If this was sent to a publisher this morning it probably wouldn't get bought. Let's face it. "-and you say this is one-seventh of the actual book, son?"
If this was a dance, it would be the Charleston.
This volume brings together thirteen of Edgar Allen Poe’s short stories and poems and couples them with the visual art of thirteen talented and engaging artists.
So you know those old penguin paperbacks? Y’know, the doorstopper-like novels of the Austens of the nineteenth century world? The Brontes with their page on page of women in bourdoirs waiting for suitors to marry them, so excited by the “suitability” of the match that they are constantly “ejaculating?” (Seriously, all Austen heroines ejaculate an average of 74 times throughout any novel!)
I very much doubt that when Lewis Carroll (aka the reverend Charles Lutwidge Dodgson) rowed down the Thames with the Liddle girls in 1865 and happened to make up a story about Alice to keep them occupied he could possibly have imagined the profound impact his story would still be having on the world, over one hundred years later. Still very much in print, and still being adapted for screen, Alice In Wonderland really has staying power.
The second of Arthur Conan Doyle’s Sherlock Holmes novellas, The Sign Of Four (originally published in 1890), is less with the long-winded-Sherlock-Holmes-single-minded-genius and more with the getting-to-know-the-many-facets-of-Sherlock-Holmes, beginning with his penchant for injecting cocaine to relieve boredom and smattered with his airy ability to quote philosophers in a multitude of languages (happily ignoring the fact that in the previous story, Holmes had no interest in philosophy). The new Sherlock Holmes is certainly an improvement, though.
Anne Of Green Gables may well be falling by the wayside these days, being bypassed for more current reading materials for young girls. When I was about ten, I loved everything Anne Of Green Gables, but I have no idea how I found out about her and whether or not many people are still discovering her. I do know that anyone who grew up with the Anne series will rave about her. To do this review I did go back and re-read Anne Of Green Gables, to take a more grown-up look at her. But whether it’s that I used to love her so much, or that it is just a really great book, I still really enjoyed it.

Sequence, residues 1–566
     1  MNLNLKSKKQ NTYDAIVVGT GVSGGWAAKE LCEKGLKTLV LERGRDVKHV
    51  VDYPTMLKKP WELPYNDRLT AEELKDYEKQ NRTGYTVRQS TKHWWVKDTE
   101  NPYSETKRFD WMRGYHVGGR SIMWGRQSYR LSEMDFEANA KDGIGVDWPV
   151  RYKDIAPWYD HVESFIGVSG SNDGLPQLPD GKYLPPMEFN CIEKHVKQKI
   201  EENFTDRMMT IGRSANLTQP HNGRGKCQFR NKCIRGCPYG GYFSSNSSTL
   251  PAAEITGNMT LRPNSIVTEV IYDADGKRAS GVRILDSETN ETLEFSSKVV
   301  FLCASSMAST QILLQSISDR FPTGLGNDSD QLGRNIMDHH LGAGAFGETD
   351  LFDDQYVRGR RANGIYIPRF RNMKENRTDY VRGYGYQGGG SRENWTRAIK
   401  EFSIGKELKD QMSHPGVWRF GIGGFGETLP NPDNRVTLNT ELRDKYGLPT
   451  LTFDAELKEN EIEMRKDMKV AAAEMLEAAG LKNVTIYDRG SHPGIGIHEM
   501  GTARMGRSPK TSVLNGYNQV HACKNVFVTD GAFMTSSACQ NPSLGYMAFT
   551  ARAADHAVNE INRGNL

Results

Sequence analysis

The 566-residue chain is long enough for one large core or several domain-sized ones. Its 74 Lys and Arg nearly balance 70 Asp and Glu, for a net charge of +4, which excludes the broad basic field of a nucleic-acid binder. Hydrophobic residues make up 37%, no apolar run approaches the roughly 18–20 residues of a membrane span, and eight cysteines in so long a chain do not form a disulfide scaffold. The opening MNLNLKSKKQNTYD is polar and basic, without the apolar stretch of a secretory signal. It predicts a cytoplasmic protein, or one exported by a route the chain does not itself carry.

A Study In Scarlet by Sir Arthur Conan Doyle was originally published in 1887, and it's still around, reprinted as recently as 2004. Sherlock Holmes sure has stood the test of time, and A Study In Scarlet is one of his most well known stories - probably because it's the world's introduction to the illustrious Sherlock Holmes, and documents his meeting with Watson and their first mystery together, and also because it's a bit longer and more detailed than Doyle's later stories.
If this was a sofa, it would be a pleasant-looking but dated design with ebony framework hand-carved with a slightly intimidating attention to detail. You wouldn’t put it in your lounge room in front of the TV, but perhaps keep it in your bedroom because, despite appearances, it would in fact be almost shockingly ergonomically satisfying.
This book—or to be more precise, this trilogy—is number two in Angus and Robertson’s top one hundred, having been cheated out of the top spot by that appalling Da Vinci Code business. And, while I wouldn’t say J.R.R Tolkien’s meandering and fairly time-intensive classics are the best books in the world, they sure have stood the test of time. The fact that they are referred to pretty much undisputedly as “classics” gives that away. The publisher on this lot is Harper Collins, and if I’d snapped up this baby as a publisher I’d be laughing all the way to the bank! I don’t think there are many people in the developed world who haven’t heard of The Lord of the Rings, be it movies, books, cartoons, other references... and you have to respect Tolkien for that.